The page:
Getting to know Nature Photographer Sarah Marino

creativity & photography photographer profiles speaker series Dec 06, 2022

As I progress as a photographer and a human I continue to have admiration for the people that share their own journey, insights, and knowledge.  Sarah Marino is one of those people.  An incredibly articulate speaker and excellent writer I have learned a tremendous amount from her teachings.  Always things to come back to in an image, presentation, or ebook.  

She is part of the Fall Speaker Series on where she will speak about the Expansive Mindset.   Before you tune into the speaker series take a minute and get to know a little more about Sarah.

What is the most important lesson you have learned in your photography?
Before photography, my relationship with nature was very casual. It was little more than a vehicle to get outside and relieve stress. After more than a decade of photography, I have learned so much about the natural world and that feels like a big gift. For me, learning about something in nature leads to wanting to see it in person. Thus, the lesson is that curiosity leads to all kinds of interesting experiences and those experiences have the potential to be incredibly enriching. For example, I have had an obsession with seeing fossils in Death Valley National Park and that has brought me to all sorts of places I would have never been motivated to visit and photograph before.

What is the most memorable scene you have captured? 
I have had the good fortune to visit this Joshua tree forest in Death Valley National Park under some unique conditions on a few separate occasions, including right after about six inches of snow fell overnight. On a different day when I took this photo, we had planned to head out for sunset to a lower elevation area of the park so both my husband and I were dressed for warm weather (shorts, light coat) and only prepared to be close to the car (barely charged phone). As we neared our intended destination, we noticed a cloud bank lingering over a nearby high plateau and thought it was possible that these Joshua trees could be enveloped in fog. We quickly changed plans and we were right! When we arrived, the sun was breaking through the fog and we were surrounded, briefly, with magical light.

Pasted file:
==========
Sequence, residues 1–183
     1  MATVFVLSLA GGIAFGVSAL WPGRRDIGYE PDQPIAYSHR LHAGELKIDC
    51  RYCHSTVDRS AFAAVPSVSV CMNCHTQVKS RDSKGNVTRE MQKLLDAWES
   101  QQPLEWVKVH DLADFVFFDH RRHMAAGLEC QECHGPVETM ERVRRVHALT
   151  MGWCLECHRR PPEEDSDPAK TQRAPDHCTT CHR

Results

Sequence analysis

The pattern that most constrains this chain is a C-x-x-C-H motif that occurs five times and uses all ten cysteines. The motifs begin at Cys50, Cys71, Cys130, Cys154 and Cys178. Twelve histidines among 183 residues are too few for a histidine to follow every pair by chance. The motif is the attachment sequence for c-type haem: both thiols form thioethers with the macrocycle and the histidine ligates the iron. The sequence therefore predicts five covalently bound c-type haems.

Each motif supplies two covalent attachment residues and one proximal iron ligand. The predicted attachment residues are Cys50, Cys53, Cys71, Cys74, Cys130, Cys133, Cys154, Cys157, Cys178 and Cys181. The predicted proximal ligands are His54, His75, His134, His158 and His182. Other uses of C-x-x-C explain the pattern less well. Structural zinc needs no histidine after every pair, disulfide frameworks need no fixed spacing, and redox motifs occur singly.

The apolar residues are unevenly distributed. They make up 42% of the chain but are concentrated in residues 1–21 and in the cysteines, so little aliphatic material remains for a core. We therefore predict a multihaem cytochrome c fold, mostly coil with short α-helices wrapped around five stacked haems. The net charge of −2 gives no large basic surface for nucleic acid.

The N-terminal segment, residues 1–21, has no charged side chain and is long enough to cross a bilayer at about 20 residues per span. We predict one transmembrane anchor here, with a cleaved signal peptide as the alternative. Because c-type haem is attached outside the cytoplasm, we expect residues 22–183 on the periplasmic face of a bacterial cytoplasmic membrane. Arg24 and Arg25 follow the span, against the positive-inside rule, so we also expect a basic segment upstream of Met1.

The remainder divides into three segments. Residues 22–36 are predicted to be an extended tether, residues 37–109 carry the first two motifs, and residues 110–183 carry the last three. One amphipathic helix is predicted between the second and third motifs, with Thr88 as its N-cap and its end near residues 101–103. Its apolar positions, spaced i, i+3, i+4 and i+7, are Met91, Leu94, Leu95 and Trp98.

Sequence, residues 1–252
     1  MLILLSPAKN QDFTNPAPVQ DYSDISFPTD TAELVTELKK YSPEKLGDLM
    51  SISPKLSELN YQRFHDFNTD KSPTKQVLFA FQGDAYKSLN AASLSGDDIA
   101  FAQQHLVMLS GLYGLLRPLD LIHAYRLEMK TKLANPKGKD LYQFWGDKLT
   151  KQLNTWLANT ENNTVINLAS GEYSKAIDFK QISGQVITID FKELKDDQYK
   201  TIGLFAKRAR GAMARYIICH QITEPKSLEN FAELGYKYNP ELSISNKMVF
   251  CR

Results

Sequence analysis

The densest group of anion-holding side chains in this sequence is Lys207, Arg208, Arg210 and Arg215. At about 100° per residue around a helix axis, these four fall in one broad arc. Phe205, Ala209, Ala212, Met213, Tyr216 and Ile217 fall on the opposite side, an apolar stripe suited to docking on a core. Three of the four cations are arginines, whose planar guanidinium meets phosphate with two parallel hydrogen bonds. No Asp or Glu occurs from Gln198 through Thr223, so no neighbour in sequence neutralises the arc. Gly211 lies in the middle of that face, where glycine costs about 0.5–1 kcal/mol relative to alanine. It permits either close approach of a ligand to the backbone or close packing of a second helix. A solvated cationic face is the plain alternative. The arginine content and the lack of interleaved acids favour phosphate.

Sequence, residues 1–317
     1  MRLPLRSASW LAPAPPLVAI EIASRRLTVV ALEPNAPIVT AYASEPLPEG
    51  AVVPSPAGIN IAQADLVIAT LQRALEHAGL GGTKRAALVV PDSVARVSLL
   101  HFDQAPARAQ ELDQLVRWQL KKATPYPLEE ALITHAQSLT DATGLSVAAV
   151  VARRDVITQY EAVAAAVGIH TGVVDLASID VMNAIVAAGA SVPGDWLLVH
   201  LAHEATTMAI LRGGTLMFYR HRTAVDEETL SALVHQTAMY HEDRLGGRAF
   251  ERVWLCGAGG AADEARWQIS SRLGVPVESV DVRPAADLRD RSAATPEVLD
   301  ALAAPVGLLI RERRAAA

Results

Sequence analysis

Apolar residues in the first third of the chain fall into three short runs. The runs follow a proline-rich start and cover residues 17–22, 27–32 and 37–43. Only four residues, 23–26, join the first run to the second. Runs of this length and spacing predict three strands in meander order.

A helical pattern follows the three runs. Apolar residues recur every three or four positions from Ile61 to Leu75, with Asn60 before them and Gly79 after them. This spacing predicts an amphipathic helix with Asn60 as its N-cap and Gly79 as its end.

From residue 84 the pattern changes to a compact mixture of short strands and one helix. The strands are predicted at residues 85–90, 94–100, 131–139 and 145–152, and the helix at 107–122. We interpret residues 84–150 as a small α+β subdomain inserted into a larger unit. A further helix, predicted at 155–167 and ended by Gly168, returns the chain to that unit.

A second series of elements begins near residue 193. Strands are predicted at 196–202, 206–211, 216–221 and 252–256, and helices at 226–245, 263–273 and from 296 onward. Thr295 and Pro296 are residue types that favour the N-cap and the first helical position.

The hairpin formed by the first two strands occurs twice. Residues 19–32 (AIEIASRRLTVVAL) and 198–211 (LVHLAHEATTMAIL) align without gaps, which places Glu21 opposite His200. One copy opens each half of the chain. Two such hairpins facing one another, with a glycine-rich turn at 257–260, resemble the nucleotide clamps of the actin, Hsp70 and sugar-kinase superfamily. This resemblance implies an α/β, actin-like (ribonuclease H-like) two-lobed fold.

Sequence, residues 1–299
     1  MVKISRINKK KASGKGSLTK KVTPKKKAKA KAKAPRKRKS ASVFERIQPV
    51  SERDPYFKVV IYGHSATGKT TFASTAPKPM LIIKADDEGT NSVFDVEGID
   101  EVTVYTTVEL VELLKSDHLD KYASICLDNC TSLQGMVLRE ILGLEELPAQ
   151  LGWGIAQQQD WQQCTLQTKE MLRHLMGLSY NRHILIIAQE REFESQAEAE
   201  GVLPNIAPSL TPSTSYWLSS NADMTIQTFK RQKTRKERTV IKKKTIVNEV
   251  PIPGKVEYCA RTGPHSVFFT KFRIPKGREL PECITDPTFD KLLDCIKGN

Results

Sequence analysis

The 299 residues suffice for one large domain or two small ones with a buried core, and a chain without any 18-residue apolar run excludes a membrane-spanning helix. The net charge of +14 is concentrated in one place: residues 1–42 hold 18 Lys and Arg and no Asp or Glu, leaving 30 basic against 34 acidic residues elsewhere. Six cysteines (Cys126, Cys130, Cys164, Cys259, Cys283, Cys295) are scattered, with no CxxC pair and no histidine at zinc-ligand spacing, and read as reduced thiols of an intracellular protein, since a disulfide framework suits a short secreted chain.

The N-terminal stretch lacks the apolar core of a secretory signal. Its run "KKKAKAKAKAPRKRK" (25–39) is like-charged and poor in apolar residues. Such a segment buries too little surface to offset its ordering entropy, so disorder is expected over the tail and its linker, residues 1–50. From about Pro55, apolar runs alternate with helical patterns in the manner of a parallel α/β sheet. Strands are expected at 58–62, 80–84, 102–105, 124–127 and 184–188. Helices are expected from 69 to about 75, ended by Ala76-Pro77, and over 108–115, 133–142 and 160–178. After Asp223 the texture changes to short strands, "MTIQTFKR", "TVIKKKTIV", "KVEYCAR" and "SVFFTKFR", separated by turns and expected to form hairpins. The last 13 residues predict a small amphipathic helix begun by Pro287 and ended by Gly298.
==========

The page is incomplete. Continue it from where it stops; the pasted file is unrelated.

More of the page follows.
We left the car very quickly and both wandered away without much thought. Dense fog quickly moved in, all orienting landmarks were instantly obscured, and the temperature dropped dramatically but we were both distracted by the unique photography opportunities. As twilight set in, we met up again and realized that we had made some really poor decisions given the weather. We were both chilled and disoriented. Luckily, I hastily set a GPS point for our car before walking away but we had just switched from a handheld GPS to a GPS app and didn't yet know how to use the app. So, we headed in the wrong direction, getting more disoriented and further away from our car in the process. After some panic, we figured out what had gone wrong with the app and eventually made it back to the car well after dark. This scene is memorable both because of the conditions but also because it is a constant reminder to not let photography get in the way of basic safety practices when outside.


Who inspires you to create?
While I admire a lot of photographers, my inspiration for creating my own photographs is the natural world. The experience of being outside and creating an archive of my experience is what motivates me, and I find inspiration in the process of exploration and discovery. Wanting to see more of the natural world is what continues to inspire me to get outside and spend time on photography.

What is next for you on your photographic journey?
I'd like to start publishing physical books. I have two initial projects in mind (one portfolio project and one educational project) and hope to see one of them come to fruition in the next few years.

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